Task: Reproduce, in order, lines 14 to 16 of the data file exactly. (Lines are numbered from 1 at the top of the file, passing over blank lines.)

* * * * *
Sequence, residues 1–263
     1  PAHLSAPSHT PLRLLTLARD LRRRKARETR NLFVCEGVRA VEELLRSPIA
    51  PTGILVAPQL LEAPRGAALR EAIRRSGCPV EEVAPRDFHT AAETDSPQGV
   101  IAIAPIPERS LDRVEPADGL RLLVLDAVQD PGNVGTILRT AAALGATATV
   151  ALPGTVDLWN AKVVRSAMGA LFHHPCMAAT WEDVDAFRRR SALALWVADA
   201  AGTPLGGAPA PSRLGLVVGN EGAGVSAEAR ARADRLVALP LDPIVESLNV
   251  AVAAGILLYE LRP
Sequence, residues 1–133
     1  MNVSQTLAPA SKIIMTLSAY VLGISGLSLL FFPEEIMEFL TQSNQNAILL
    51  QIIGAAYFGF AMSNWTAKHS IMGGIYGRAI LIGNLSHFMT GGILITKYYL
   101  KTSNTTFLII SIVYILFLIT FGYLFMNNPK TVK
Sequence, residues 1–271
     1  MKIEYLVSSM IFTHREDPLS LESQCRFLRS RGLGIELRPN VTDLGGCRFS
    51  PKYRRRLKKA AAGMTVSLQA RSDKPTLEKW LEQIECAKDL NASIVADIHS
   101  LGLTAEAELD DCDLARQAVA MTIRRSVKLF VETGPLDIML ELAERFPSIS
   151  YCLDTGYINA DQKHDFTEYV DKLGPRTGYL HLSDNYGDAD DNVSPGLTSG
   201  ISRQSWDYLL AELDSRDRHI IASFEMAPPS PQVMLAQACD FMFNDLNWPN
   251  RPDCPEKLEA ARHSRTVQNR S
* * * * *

    51  PKYRRRLKKA AAGMTVSLQA RSDKPTLEKW LEQIECAKDL NASIVADIHS
   101  LGLTAEAELD DCDLARQAVA MTIRRSVKLF VETGPLDIML ELAERFPSIS
   151  YCLDTGYINA DQKHDFTEYV DKLGPRTGYL HLSDNYGDAD DNVSPGLTSG